For about a week before the election, I was as preoccupied by two fictional characters as I was by Donald Trump and Hillary Clinton. When I wasn’t obsessively refreshing the maps on fivethirtyeight.com, I was talking to anyone who’d listen about Molly (played by Yvonne Orji) on HBO’s Insecure and Chiron (played by Trevante Rhodes as an adult) in the new film Moonlight. A jokingly self-described “hood rat” who became a corporate lawyer — and based on Insecure creator Issa Rae’s real-life best friend — Molly taught herself how to belong anywhere and now feels undone by the isolation of being the only one who’s known other worlds. I’d been thinking of Molly for weeks, actually, for she reminded me of a part of myself I’d forgotten.
The hunched and quiet Chiron, on the other hand, is a character I initially found difficult to relate to. But I gained a new appreciation for him and for Moonlight in the days since my screening, as black and queer friends and acquaintances have told me how accurately and intensely Chiron represents their experiences of being bullied, of withdrawing, and of living in an economically disadvantaged part of Miami that we rarely see. And so Moonlight’s luminous specificity has haunted me, based as it is on playwright Tarell Alvin McCraney’s autobiographical work (which writer-director Barry Jenkins has adapted). And it occurred to me once again how a progressive and inclusive pop culture is so crucial and urgent for women, people of color, queer communities, and other underrepresented groups’ struggles to find peace with and validation of ourselves, especially in these dark times when it feels like the world is turning against us.
Art and entertainment are how many of us of us simply stay sane, but they also play a huge role in how we’re groomed to look at the world — with largely affluent, able-bodied straight white men as the center of the world, saving the planet, falling in love, taking care of their families, enduring hardship. That’s fine, but also: Fuck that. Nobody is the center of the world, and we need to create a mass culture that reflects the truly mind-boggling diversity of humanity that exists in this world. Politics failed us in 2016. Culture doesn’t have to.
The mainstream film and TV industries are still riddled with bias and bullshit, but on the other hand, there’s literally never been a better time for people who have traditionally been shut out of power (and thus excluded from screens and stories) to have their say, to assert our lives and our differences and our complicatedness as worthy of time and concern. We deserve a pop culture that reflects America, and we should fight for it one film, show, and song at a time. Culture won’t erase the violence we’re already seeing with Donald Trump’s election, but we should prioritize it as how we heal ourselves, promote understanding, and change the future. Don’t mistake choosing woke programming for activism; there’s no substitute for voting, marching, and donating. But what we see shapes so much of what we think of as possible. And what we should see is America in its entirety — not just the tiny sliver that’s monopolized the megaphone and the spotlight for most of this country’s history.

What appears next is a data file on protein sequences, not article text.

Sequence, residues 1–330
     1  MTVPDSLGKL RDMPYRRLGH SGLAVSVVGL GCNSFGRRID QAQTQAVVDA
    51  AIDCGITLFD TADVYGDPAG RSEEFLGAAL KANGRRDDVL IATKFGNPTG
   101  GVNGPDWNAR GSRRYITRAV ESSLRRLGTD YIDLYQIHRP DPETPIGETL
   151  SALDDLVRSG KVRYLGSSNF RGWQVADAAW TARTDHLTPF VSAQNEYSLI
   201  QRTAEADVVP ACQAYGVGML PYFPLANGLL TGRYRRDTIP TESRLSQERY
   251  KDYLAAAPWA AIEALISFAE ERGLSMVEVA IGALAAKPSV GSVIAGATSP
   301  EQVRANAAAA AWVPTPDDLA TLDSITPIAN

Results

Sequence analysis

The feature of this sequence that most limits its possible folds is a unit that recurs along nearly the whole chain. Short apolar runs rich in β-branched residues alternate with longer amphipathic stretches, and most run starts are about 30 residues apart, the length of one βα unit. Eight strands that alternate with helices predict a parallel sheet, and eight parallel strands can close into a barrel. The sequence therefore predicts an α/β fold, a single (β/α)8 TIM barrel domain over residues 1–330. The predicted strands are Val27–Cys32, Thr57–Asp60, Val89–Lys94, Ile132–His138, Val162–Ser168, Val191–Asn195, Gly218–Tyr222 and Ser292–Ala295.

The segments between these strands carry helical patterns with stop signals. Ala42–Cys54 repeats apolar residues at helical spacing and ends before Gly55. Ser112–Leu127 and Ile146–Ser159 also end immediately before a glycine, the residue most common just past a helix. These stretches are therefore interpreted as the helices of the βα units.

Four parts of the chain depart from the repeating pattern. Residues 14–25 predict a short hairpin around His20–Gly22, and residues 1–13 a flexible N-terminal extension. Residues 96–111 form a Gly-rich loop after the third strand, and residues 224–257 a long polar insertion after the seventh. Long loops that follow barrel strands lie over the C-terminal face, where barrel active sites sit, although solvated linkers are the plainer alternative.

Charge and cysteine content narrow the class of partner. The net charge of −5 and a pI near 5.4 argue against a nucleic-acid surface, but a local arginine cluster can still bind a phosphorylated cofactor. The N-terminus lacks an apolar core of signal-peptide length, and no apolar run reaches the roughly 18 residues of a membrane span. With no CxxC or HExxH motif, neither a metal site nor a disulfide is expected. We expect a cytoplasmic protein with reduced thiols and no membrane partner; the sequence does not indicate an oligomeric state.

The thing is, it’s easy. Watch movies and TV shows about experiences outside of your life, since stories are one of our most reliable paths toward empathy. If you’re a man, put yourself in a woman’s shoes (Broad City and Orange Is the New Black are great places to start). If you’re straight, watch a queer film (like Moonlight or the delicious The Handmaiden) or TV show (you can’t not like Please Like Me, and Transparent will have you laughing and crying simultaneously). If you’re white, see the world through a person of color’s eyes (Atlanta is brilliant, while Jane the Virgin is consistently terrific). And you’re not off the hook if you’re a minority. Teach yourself about other groups’ oppressions and how they’re similar or dissimilar from your own. Pay attention to which voices and opinions you keep hearing — and which ones you don’t. Don’t forget that there are certain people we seldom see as protagonists — Native Americans, Muslim Americans, trans and poor and disabled Americans — and support projects about them if/when they do emerge.
If something bothers you about a movie or a TV show, say so — to your friends, to your family, to your social-media followers. Pay attention to what bothered a group of people that you don’t belong to. Learn about the (frequently unjust) history and present era of film, TV, music, books, and whatever other art forms interest you. Share clips that taught you something. If you can, pay for content. Injustice is a mistress of a muse, but artists need to pay the rent, too.
Educate yourself, and never stop. Keep up with the news. Political comedy and satire make it a breeze, from intellectual firebrands like John Oliver and Samantha Bee to gentler but no-less-smart gadflies like Seth Meyers and Trevor Noah. If you wanna laugh with some clued-in-as-fuck POC, check in with the “Another Round” podcast or our very own “Speed Dial.” If you can’t deal with the day-to-day political pageantry, stay suspicious about how you’re being lied to and taken advantage of through Adam Ruins Everything. Don’t ever be satisfied with how much you know. There are always new worlds: ones you’ve never heard of, ones in places you’ll never visit, ones that you never noticed were right next to you your whole life. Go out and discover them, then create new ones. Our faces are currently being shoved into the dregs of a hateful past. Look up and around. Reach for more, and reach out for each other.